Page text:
Aspen housing forum attracts sizable crowd, differing opinions
One of the central questions explored Thursday during a well-attended forum about Aspen’s affordable-housing program is who exactly it’s for.
More than 20 years ago, Aspen’s community plans emphasized the need for the program to “foster a long-term commitment to the community” for all segments of the population, said Pitkin County Commissioner Rachel Richards, who also is a former Aspen mayor.
That meant not telling a worker who’s invested 40 or 50 years in the Aspen area that upon retirement, it’s time to move out, she said. People who live in affordable housing make sacrifices throughout that time — including shared walls and not having a pet — that others who move downvalley might not have to make, she said.
Mike Kosdrosky, executive director of the Aspen-Pitkin County Housing Authority, disagreed.
Those who originally designed the program, while certainly wanting to build community, did not intend for it to be a “lifetime entitlement,” he said.
“It was not a guarantee for workers to become vested members of the community,” Kosdrosky said.
Further, he took issue with the idea that living in affordable housing is a sacrifice. For Kosdrosky, it is a privilege. And he wasn’t alone among the standing-room-only crowd, a mix of young and older residents, who attended the Aspen Public Radio-sponsored town hall at the Limelight Hotel. Aspen Public Radio staffers distributed signs to the audience prior to the event that read “yes” on one side and “no” on the other, and news director Alycin Bektesh asked several questions of the crowd throughout the hourlong forum.
After the exchange between Richards and Kosdrosky, Bektesh asked the crowd if living in affordable housing was a sacrifice. The majority held up “no” signs. She then asked if it was a privilege. The majority held up the “yes” side of the sign.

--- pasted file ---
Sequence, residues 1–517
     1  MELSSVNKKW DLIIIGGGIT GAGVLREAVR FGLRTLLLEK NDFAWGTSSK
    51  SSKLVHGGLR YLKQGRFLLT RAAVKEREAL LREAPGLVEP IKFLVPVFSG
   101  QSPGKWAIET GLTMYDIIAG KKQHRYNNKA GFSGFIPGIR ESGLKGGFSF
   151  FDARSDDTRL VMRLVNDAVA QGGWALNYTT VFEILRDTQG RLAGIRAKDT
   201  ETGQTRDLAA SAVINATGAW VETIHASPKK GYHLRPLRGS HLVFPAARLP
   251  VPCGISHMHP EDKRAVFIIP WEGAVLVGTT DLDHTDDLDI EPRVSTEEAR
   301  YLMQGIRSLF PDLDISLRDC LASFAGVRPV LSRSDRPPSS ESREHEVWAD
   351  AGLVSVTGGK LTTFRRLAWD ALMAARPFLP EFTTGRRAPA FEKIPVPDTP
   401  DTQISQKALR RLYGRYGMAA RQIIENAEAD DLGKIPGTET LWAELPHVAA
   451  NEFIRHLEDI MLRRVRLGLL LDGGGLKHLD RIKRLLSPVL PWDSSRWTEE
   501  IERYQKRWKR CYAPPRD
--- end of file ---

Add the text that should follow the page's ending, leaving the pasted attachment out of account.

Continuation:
The dichotomy between the two viewpoints came up again when co-moderator Cristal Logan of the Aspen Institute asked panelists how they would create the program from scratch now if they could.
Kosdrosky said he would design a program with far more rental units and limited ownership opportunities “if the community wants it.” For example, all Category 1 and 2 units — for those in the lowest incomes — should be rentals, he said, because people who qualify for them can’t afford the mortgages.
Richards agreed on that point, but said an all-rental inventory is not the solution. Rental rules can change overnight, she said, which could put people on the street with no options. Renters pay more for insurance and credit card rates and gain no tax advantage, she said. All those things make attracting a quality, long-term workforce more difficult, Richards said.
Both agreed, however, that APCHA doesn’t do a good job housing families, low-income workers and newbies to town who haven’t lived here long enough to quality for the affordable-housing program.
As for solutions, Richards advocated continuing to build affordable housing on the few sites still available, as well as providing APCHA with sustainable funding from a property or other tax that would allow it more freedom to develop new affordable housing.
Peter Fornell, a local developer who concentrates on building affordable housing, put the onus on Aspen-area employers.
“Why are citizens paying for these employees?” he said. “Let’s cause that to be a factor. (Employers) need to be contributors to the solution.”
Christine Benedetti, chair of the city-sponsored Next Generation Advisory Commission, said some members of the community may need to change their paradigms and allow some current open space to serve housing needs. She also brought up the recent debate about a proposed 28-unit affordable housing project on Castle Creek Road that’s been criticized by Castle Creek Valley residents for being too dense.
“Neighbors need to be willing to support higher density,” Benedetti said.
Thursday’s event was billed as the first in a series of town halls focusing on housing in the Roaring Fork Valley.
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